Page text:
Skip to main content

Lead, iron, copper, zinc and ash in deciduous teeth in relation to age and distance from a lead smelter

This is a preview of subscription content, access via your institution.

References

  1. Attramadal A, Jonsen J (1976) The content of lead, cadmium, zinc and copper in deciduous and permanent human teeth. Acta Odont Scand 34:127–131

    Google Scholar 

  2. Bauminger E, Ofer S, Gedalia I, Horowitz G, Mayer I (1985) Iron uptake by teeth and bones: a Mossbauer effect study. Calc Tiss Int 37:386–389

    Google Scholar 

  3. Blanuša M, Kralj Z, Bunarević A (1985) Interaction of cadmium, zinc and copper in relation to smoking habit, age and histopathological findings in human kidney cortex. Arch Toxicol 58:115–117

    Google Scholar 

  4. Fosse G, Justesen NPB (1978) Zinc and copper in bone and teeth of mice. Int J. Environ Stud 12:111–120

    Google Scholar 

  5. Hambidge KM, Casey CE, Krebs NF (1986) Zinc., In: Mertz W (ed) Trace Elements in Human and Animal Nutrition Vol. 2, Fifth edition, Academic Press Inc. Orlando, pp 1–109

    Google Scholar 

  6. Hršak J, Fugaš M (1987) The fate of lead, zin'c and cadmium from lead smeltery emissions in the environment. In: Trace Elements in Human Health and Disease, Second Nordic Symposium, Odense, Denmark 1987, Abstract E10

  7. International Atonic Energy Agency (1982) Intercomparison of Minor and Trace Elements in IAEA Animal Bone (H-5). Progress Report No. 1.

  8. Ivičić N, Blanuša M (1988) Comparison of ETA-AAS and DPASV methods for the determination of lead in deciduous teeth. Fresenius Z Anal Chem 330:643–644

    Google Scholar 

  9. Karlberg P, Taranger J, Engstrom I, Lichtenstein H, Svenberg-Redegren I (1976) The somatic development of children in a Swedish urban community. A prospective longitudinal study. III. Dental development from birth to 16 years. Acta Pediatr Scand, Suppl 258:83–97

    Google Scholar 

  10. Kiyoshi O (1983) A study of trace elements in human dental tissues. On concentrations of copper and lead. Shika Igaku 46:65–78

    Google Scholar 

  11. Mackie AC, Stephens R, Townshend A, Waldron HA (1977) Tooth lead levels in Birmingham children. Arch Environ Health 32:178–185

    Google Scholar 

  12. Masao M, Takashi H, Kazuo S (1982) Concentration distribution of trace metals in human teeth. Nippon Eisegaku Zasshi 37:499–504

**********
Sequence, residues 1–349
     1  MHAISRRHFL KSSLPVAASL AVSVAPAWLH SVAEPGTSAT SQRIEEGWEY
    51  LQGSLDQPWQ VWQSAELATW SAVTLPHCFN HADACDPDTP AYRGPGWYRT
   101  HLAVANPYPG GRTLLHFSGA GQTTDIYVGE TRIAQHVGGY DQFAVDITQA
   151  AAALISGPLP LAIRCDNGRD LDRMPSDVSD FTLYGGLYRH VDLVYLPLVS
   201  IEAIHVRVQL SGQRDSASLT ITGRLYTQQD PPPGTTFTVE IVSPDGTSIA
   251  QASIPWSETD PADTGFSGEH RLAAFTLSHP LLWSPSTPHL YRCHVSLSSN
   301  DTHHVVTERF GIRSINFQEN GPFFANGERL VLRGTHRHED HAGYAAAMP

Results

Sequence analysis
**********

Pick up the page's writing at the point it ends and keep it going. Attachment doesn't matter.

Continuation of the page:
Google Scholar 

  13. McGregor IA, Thomson AM, Billewicz WZ (1968) The development of primary teeth in children from a group of Gambian villages, and critical examination of its use for estimating age. Br J Nutr 22:307–314

    Google Scholar 

  14. Needleman HL, Tuncay OC, Shapiro IM (1972) Lead levels in deciduous teeth of urban and suburban American children. Nature 235:111–112

    Google Scholar 

  15. Prpić-Majić D, Hršak J, Skender Lj (1988) Biological and environmental monitoring in a lead smelter community. In: Astruc M, Lester JN (eds) Heavy Metals in the Hydrological Cycle, Proceedings of the International Conference Chemicals (Heavy Metals)in the EnvironmentLisbon, Portugal1988, Publications Division, Selper Ltd., London, pp. 19–26

    Google Scholar 

  16. Stewart DJ (1974) Teeth as indicators of exposure of children to lead. Arch Dis Child 49:895–897

    Google Scholar 

  17. Telišman S, Ivičić N, Pongračić J (1987) Lead in deciduous teeth in relation to other biological indicator of exposure and effect of inorganic lead in children. In: Lindberg SE, Hutchinson TC (eds) International Conference Heavy Metals in the Environment, New Orleans 1987, CEP Consultants Ltd, Edinburgh, pp 300–302

    Google Scholar 

Download references

Author information

Affiliations

Authors

Corresponding author

Correspondence to Maja Blanuša.

Rights and permissions

Reprints and Permissions

About this article

Cite this article

Blanuša, M., Ivičić, N. & Simeon, V. Lead, iron, copper, zinc and ash in deciduous teeth in relation to age and distance from a lead smelter. Bull. Environ. Contam. Toxicol. 45, 478–485 (1990). https://doi.org/10.1007/BF01700618

Download citation

Keywords

  • Iron
  • Copper
  • Zinc
  • Waste Water
  • Water Management